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SUPERMARKET giant to close 165 stores, eliminate jobs

Updated:
BOISE, Idaho (AP) _ Supermarket giant Albertson's Inc. announced plans on Wednesday to close about 165 stores in 25 states and eliminate 15 to 20 percent of its managerial and administrative jobs above the store level.

The nation's second-largest food and drug retailer continues to struggle to digest its 1999 acquisition of American Stores, and its new chairman and chief executive said the cuts were aimed at reducing operating costs and reallocating capital.

``We are continuing our in-depth operations review,'' Larry Johnston said in a statement. ``The major actions announced today are just the first in a series of long-overdue steps that are necessary to begin unleashing the vast potential of this company.''

The American Stores acquisition more than doubled the number of Albertson's-owned outlets to more than 2,500 in 36 states, including Oklahoma. It was not immediately clear whether the closures will affect any stores in Oklahoma.

Difficulty integrating the American Stores operations led to the April hiring of Johnston, a former General Electric Co. senior executive with a reputation for ironing out acquisition problems and consolidating businesses.

Albertson's reported a 4 percent increase in first-quarter profits last month, meeting Wall Street expectations. It posted net income of $186 million or 46 cents per share on $9.3 billion in sales for the 13 weeks through May 3, and Johnston announced that the ``major roadblocks in the 1999 American Stores Company merger are behind us.''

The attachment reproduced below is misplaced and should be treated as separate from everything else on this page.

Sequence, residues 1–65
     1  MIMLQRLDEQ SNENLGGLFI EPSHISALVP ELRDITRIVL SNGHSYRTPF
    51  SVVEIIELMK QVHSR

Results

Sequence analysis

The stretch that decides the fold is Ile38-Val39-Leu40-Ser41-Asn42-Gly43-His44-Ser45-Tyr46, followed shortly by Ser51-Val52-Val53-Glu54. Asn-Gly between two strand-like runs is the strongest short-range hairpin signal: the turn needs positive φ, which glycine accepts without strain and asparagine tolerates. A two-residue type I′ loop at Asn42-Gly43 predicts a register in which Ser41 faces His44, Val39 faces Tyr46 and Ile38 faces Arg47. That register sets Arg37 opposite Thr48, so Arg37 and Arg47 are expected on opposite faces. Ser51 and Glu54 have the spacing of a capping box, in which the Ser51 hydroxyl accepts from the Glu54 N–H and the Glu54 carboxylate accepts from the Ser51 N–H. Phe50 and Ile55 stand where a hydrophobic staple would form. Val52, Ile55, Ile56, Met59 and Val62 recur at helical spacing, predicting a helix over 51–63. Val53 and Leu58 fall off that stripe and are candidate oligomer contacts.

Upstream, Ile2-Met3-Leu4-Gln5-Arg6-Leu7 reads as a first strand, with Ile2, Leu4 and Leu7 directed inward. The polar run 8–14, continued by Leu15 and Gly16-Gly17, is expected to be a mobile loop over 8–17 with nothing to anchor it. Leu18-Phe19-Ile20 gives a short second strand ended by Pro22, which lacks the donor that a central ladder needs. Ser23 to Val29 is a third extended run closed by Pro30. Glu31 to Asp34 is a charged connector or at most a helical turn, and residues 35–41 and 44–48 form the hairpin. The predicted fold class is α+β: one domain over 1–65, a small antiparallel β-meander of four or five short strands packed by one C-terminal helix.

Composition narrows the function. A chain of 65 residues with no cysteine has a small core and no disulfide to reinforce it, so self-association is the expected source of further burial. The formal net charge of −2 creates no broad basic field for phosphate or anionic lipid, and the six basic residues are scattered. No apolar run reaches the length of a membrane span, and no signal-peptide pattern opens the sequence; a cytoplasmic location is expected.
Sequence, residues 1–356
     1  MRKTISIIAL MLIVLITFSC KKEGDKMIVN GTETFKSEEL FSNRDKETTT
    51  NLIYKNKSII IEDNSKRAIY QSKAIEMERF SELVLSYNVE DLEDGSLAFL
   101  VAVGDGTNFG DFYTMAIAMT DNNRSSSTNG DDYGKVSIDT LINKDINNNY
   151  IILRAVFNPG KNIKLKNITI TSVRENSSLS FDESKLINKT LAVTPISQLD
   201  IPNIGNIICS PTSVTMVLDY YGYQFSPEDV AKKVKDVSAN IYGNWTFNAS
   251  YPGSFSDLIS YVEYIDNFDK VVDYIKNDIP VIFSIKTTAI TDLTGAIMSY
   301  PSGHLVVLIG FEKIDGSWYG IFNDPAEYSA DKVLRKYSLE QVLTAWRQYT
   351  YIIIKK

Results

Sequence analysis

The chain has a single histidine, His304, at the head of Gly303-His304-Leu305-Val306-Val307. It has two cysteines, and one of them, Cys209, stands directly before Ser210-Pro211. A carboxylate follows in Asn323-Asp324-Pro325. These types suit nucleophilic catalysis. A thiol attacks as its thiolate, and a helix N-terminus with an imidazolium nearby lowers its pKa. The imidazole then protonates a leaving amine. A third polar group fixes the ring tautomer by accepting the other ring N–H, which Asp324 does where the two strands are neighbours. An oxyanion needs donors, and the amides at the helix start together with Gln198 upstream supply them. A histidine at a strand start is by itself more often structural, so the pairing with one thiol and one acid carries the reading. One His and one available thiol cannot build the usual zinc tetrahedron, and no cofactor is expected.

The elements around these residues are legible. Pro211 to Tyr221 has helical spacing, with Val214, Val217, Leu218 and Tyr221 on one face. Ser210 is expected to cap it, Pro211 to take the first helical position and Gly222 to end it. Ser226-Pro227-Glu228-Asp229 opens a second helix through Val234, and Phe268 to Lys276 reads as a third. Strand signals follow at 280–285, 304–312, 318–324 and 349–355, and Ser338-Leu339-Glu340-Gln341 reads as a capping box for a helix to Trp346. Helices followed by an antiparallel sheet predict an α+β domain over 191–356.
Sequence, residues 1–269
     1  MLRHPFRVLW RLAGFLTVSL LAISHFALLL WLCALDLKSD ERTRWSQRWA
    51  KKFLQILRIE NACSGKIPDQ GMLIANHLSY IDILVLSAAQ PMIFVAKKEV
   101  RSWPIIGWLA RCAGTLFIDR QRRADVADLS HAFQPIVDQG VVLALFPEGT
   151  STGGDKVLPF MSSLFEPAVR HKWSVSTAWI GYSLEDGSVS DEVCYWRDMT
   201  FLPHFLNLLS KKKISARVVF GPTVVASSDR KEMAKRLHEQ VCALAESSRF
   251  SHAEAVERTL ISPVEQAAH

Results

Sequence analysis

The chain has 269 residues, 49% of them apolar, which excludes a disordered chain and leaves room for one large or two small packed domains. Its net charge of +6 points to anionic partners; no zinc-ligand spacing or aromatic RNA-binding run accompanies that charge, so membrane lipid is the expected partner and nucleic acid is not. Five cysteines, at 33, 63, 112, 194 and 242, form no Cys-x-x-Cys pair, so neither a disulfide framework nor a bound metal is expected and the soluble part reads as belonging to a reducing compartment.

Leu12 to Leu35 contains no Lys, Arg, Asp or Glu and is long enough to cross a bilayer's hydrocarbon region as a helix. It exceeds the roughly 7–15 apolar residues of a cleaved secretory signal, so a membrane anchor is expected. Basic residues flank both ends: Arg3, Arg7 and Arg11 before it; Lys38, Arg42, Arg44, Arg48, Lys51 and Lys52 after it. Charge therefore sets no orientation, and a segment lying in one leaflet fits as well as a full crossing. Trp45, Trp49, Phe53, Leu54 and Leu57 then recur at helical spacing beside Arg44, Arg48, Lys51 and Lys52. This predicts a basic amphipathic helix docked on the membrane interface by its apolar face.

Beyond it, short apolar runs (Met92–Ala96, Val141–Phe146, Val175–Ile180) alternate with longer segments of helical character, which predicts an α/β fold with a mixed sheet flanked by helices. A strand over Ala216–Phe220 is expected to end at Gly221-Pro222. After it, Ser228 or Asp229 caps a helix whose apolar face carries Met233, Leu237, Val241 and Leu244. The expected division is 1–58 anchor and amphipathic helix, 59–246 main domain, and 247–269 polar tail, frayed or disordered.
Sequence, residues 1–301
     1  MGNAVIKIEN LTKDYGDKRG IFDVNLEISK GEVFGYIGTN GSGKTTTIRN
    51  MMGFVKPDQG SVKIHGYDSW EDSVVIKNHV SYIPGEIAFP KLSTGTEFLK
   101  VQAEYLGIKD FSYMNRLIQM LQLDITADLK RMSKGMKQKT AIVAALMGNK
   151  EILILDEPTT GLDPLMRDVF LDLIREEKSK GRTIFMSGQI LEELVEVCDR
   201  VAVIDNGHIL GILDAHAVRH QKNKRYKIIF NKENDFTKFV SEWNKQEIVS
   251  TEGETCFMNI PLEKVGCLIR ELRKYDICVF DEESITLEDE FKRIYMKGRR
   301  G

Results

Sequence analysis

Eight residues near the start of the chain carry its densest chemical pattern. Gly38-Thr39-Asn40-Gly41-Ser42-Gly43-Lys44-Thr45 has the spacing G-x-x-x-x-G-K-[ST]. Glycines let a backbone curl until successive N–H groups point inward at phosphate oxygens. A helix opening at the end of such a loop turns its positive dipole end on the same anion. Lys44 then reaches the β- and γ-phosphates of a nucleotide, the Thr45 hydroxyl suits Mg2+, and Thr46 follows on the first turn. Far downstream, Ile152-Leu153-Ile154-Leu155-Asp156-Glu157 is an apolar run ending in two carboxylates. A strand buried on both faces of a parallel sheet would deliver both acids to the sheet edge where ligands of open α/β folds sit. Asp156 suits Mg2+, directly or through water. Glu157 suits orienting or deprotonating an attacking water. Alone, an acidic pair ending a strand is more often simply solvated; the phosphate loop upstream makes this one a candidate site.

But on Wednesday, he said the company needed to cut administrative overhead through ``a significant number of permanent layoffs of corporate, division and certain distribution center office associates.''

Albertson's said it would offer a voluntary separation program to administrative and managerial personnel with 20 or more years of continuous service. Laid-off employees would be offered a severance package, including job placement services, the company said.

It was not immediately clear how many jobs would be eliminated, or what stores are being closed.

The company said it expects to record nonrecurring charges of about $585 million before taxes to cover the cost of the restructuring plan, including $550 million in the second quarter. But the personnel cuts alone are expected to reduce costs by $100 million a year.

``Because these actions impact our associates, the decisions announced today are not easy; however, in this increasingly competitive industry, reducing our operating costs is a necessary step in ensuring our company's long-term success,'' said Peter Lynch, the former American Stores executive who became president and chief operating officer of Albertson's after the merger.

In addition to the personnel cuts and closure of stores identified as underperforming, Lynch said division offices would be consolidated and Albertson's would dispose of some surplus property.

However, Johnston said Albertson's ``growth momentum'' should continue despite the store closures, through improved sales in existing stores, new store openings and ``strategic `fill-in' acquisitions.'' He said the company expects to reach $38 billion in annual revenues this fiscal year.

``Further, we are becoming increasingly confident that over the next year we will achieve our expense reduction goal of $250 million,'' he said
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